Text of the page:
Southern Pesto

00:00 October 24, 2011
By: 2Fik

There are still watermelon and cantaloupe vines tumbling outside of the confines of my raised beds (with a few ripening melons on them) and an eggplant that refuses to stop producing. There is also an heirloom variety of red okra that I don't have the heart to pull out - even though the plant takes up a lot of space and I only like okra when I'm in the mood to, and have enough to pickle it. The plant itself is just too striking and pretty to get rid of: the tall red stems produce creamy yellow flowers with burgundy centers that resemble hollyhocks (a relative). So, since I'm in no hurry to embrace the changing seasons in my garden, and I have the space and luxury to continue to enjoy my summer vegetables, I only gradually start to think about what will take their place.

Eventually, when I get restless and want to make room for the antioxidant-rich super foods like kale, broccoli, and root vegetables that can grow when the summer fruits and vegetables can't, I will tear out all those heat-loving plants. But there is one plant in the veggie garden that gets to stay until the very end of warm weather when frost threatens: basil.

Basil seems to grow in my yard happily all summer with little to no care. Sometimes I don't cut the flowers off and the plant simply reseeds and by the end of summer I have a second generation of plants to enjoy. Also, the bees really enjoy the flowers, and I am reluctant to pinch off any flower that attracts them.

This year, I got a basil bonanza from Mizell Farms (who sells plants at the Crescent City Farmer's Markets). Each spring, he seems to bring out some new variety that I've never heard of that I must find a place for. This year there was Thai, Cinnamon, Lemon, the traditional Genovese, and even a blueberry basil - each with it's own distinct flavor.

I simply cannot bear a garden without basil, so to compensate for this, I wait until October or November, then pull the entire plant, and have a pesto-making extravaganza in the kitchen. Nearly every available surface in the kitchen gets covered in greenery and my aged food processor gets put to task. I end up eating a lot of pesto, and freezing some and giving some away, and living with the spicy-cinnamon-y smell that lingers on my fingers for days from plucking all those leaves.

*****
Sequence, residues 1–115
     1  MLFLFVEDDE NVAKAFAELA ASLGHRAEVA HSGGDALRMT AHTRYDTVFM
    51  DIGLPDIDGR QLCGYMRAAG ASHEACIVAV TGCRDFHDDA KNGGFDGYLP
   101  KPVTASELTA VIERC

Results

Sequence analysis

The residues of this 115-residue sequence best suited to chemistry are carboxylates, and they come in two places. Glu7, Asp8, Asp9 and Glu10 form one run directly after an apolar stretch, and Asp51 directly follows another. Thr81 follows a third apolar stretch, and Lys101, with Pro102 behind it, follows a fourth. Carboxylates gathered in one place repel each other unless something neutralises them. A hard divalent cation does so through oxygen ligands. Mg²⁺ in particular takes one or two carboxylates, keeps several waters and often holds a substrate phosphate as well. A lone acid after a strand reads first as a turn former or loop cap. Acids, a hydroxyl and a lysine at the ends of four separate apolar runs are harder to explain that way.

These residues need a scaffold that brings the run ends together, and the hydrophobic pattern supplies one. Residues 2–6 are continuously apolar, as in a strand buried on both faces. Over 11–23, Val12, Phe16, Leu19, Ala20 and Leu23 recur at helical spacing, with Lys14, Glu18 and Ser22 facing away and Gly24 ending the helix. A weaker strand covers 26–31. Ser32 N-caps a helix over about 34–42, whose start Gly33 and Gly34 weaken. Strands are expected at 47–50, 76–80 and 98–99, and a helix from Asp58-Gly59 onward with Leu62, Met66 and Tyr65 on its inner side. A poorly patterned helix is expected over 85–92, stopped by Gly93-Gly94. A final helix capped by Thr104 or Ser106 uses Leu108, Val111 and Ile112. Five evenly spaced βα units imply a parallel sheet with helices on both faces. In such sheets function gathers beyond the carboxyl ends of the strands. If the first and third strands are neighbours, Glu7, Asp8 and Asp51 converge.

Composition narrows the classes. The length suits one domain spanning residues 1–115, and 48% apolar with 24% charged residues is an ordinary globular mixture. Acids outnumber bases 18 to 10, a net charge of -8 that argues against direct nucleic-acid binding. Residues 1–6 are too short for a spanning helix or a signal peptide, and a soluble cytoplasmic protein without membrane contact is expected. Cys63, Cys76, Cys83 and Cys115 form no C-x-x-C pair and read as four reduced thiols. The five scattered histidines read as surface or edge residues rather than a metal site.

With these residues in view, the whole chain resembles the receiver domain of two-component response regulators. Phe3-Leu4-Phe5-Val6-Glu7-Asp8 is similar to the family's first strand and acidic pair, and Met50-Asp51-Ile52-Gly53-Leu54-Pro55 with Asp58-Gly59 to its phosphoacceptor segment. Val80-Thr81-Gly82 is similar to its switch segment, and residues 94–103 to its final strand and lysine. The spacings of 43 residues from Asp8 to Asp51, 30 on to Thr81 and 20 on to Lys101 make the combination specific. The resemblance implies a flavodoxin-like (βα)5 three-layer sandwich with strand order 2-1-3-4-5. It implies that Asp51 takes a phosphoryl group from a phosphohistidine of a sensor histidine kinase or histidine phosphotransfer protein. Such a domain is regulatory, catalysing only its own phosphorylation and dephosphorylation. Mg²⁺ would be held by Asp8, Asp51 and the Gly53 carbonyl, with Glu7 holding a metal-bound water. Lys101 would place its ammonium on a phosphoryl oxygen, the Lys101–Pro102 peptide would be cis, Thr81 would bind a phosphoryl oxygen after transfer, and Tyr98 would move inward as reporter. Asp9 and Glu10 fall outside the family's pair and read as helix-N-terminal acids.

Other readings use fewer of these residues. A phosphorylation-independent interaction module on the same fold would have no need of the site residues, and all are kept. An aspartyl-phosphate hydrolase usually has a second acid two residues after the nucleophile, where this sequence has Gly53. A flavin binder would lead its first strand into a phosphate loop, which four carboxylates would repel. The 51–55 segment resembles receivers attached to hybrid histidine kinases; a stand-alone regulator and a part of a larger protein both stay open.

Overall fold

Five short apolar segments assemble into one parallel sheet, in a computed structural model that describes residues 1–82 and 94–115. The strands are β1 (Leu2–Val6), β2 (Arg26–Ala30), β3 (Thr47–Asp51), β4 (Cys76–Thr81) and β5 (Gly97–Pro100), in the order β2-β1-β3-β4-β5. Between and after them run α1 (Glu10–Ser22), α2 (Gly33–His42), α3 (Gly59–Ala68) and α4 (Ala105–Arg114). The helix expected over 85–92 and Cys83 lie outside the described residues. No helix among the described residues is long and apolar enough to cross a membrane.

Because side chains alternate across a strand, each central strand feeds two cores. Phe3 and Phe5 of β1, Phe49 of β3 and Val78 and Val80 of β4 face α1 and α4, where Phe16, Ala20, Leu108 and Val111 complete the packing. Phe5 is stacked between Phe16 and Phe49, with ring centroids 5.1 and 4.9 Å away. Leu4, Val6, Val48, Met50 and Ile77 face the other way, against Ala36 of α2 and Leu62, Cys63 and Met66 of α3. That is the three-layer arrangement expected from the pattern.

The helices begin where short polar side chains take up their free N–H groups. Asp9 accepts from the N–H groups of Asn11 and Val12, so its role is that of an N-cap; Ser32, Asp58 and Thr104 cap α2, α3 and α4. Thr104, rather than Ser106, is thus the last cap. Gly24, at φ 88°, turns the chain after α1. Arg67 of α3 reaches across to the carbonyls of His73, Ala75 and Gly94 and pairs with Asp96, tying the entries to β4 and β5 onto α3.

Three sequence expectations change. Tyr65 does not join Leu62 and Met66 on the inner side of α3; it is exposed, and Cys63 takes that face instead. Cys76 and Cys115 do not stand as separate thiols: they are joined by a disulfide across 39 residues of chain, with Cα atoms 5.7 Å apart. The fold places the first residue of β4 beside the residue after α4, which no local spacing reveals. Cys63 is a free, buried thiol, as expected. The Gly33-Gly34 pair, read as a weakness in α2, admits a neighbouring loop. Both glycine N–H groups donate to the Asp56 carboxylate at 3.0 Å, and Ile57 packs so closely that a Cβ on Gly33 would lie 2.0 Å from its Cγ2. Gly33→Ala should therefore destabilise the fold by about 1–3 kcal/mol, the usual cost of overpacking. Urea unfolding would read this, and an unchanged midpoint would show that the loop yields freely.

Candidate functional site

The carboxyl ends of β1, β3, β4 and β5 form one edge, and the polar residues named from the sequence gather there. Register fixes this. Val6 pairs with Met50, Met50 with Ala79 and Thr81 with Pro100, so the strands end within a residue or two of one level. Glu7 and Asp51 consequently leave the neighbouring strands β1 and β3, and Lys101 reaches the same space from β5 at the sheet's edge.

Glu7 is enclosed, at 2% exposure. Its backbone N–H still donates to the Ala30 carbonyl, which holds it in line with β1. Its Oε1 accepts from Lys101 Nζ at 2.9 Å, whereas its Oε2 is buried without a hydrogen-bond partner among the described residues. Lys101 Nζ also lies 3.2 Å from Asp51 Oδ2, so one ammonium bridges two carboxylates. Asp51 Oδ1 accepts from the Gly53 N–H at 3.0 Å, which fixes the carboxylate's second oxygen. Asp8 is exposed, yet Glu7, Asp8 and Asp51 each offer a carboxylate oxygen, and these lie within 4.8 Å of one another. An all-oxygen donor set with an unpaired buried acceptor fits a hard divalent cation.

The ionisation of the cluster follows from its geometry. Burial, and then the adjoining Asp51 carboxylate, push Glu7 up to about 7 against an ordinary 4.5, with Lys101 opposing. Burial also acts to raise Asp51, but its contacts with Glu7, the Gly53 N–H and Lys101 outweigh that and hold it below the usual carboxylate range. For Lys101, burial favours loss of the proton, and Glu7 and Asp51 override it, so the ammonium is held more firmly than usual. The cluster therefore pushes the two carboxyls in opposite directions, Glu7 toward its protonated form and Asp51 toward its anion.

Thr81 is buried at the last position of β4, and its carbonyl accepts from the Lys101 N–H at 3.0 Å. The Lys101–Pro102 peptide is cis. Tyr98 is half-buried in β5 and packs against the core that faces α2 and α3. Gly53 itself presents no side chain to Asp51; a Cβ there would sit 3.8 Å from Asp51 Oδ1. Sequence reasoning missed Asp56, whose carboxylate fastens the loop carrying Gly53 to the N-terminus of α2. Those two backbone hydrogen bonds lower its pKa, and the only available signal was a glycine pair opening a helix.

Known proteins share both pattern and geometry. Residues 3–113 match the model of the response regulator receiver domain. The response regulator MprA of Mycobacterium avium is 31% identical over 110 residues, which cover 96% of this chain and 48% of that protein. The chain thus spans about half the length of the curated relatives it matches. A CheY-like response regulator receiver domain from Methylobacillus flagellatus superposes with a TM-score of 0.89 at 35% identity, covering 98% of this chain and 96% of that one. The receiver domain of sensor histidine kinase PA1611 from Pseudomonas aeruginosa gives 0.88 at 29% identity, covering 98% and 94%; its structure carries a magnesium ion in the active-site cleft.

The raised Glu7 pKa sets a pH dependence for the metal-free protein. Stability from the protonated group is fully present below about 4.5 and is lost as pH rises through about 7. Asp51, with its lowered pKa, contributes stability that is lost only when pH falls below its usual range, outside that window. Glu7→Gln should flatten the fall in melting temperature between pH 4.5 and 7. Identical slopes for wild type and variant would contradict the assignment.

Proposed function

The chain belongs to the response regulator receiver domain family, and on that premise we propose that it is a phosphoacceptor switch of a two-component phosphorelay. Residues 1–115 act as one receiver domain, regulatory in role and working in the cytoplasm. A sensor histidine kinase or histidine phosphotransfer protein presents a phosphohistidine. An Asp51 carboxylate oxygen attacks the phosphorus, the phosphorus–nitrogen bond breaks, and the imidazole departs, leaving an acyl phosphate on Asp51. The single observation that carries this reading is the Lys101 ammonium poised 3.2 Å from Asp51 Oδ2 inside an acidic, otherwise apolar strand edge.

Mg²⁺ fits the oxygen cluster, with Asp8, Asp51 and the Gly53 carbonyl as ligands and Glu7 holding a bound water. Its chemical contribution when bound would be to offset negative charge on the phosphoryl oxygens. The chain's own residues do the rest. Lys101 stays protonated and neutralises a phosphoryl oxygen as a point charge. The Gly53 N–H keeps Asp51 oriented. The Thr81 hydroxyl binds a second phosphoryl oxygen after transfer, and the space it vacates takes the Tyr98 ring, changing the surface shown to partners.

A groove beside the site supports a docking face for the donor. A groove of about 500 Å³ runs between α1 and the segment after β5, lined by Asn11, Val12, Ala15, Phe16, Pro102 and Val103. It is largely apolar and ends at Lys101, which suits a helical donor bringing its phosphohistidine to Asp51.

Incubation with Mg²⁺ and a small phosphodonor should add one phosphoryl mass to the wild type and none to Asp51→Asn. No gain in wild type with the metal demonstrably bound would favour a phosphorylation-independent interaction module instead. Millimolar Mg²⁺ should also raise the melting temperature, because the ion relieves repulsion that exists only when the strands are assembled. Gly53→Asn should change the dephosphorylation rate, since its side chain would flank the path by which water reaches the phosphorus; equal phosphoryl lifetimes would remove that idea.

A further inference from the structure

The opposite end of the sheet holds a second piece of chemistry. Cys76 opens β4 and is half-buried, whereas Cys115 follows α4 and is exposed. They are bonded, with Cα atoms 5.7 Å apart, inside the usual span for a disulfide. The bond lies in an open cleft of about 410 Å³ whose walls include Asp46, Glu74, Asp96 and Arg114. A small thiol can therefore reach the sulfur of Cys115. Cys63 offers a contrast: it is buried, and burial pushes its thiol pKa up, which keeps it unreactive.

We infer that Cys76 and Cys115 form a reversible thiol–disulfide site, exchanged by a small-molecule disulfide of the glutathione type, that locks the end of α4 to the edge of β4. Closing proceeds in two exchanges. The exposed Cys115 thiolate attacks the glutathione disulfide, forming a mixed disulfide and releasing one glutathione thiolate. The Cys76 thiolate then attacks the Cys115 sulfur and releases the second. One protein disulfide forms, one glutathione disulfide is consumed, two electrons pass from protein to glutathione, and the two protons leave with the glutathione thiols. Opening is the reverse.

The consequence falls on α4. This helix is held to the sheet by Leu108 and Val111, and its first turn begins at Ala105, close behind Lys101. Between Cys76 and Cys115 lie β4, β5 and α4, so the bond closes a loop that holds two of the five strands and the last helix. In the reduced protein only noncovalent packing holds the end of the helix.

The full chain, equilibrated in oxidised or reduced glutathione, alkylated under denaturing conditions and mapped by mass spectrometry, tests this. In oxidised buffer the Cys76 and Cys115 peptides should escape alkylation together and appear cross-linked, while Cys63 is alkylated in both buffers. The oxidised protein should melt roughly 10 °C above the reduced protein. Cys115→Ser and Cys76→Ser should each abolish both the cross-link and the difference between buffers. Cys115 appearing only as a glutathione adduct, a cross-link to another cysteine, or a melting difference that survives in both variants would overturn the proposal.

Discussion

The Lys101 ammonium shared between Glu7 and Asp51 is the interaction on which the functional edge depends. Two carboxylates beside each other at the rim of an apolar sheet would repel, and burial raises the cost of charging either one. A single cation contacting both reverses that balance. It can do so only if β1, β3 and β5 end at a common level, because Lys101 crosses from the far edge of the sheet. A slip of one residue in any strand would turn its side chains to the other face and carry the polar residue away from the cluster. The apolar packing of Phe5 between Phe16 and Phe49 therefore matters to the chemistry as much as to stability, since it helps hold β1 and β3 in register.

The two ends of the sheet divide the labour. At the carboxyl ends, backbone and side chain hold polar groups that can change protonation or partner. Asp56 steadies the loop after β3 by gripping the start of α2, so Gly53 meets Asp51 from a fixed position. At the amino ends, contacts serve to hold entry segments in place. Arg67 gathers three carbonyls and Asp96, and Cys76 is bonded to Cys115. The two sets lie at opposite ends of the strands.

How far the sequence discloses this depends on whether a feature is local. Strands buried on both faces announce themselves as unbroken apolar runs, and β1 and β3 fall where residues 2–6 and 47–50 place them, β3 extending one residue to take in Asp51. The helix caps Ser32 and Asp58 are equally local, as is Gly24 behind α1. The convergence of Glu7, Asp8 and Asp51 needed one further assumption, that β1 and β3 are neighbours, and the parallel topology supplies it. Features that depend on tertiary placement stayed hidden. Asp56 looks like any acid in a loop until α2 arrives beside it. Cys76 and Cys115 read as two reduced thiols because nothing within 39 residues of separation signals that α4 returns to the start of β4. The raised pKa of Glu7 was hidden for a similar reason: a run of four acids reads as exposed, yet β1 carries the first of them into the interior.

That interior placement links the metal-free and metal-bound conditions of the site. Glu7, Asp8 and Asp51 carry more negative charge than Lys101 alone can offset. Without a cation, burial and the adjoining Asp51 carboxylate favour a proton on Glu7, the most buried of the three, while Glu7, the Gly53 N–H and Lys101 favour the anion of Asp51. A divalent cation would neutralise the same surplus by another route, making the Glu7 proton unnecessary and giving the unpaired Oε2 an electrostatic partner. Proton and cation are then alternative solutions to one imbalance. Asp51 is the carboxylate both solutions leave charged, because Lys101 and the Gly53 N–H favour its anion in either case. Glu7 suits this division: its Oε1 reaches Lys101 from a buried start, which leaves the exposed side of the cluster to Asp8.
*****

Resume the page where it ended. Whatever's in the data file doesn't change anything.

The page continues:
The best part about my pesto is that it is distinctive - not only do I use the different varieties of basil, but I also substitute non-traditional pesto ingredients for some more commonly found in our area at this time of year. Instead of buying pine nuts that came from China, I use pecans from nearby Mississippi. Their sweet flavor balances exceptionally well with the spiciness of the Thai and Genovese Basils and the intensity of the raw garlic. I'm lucky enough to use garlic that came from last spring's crop in my vegetable garden.

Southern Pesto


  • 2 cups packed fresh basil leaves
  • 4 cloves garlic
  • 1/4 cup pecans
  • 2/3 cup extra-virgin olive oil
  • Sea salt and freshly ground black pepper, to taste
  • 1/2 cup freshly grated Pecorino cheese (just a personal preference - Parmesan works great too)
  • 1 Tablespoon Lemon Juice

Combine the basil, garlic, and pecans in the food processor and pulse until coarsely chopped. Add the oil in a slow, steady stream while the machine is running and process until fully incorporated and smooth.

If using immediately, add the cheese and pulse until smooth. Transfer the pesto to a large serving bowl and add salt and pepper to taste. Add lemon juice on top. If freezing, don't add cheese - it will make the pesto take on a stale, freezer taste. Instead, transfer pesto to an air-tight liner and drizzle a thin layer of oil over the top. Freeze for up to three months. Stir in cheese when thawed and enjoy!

Sign Up!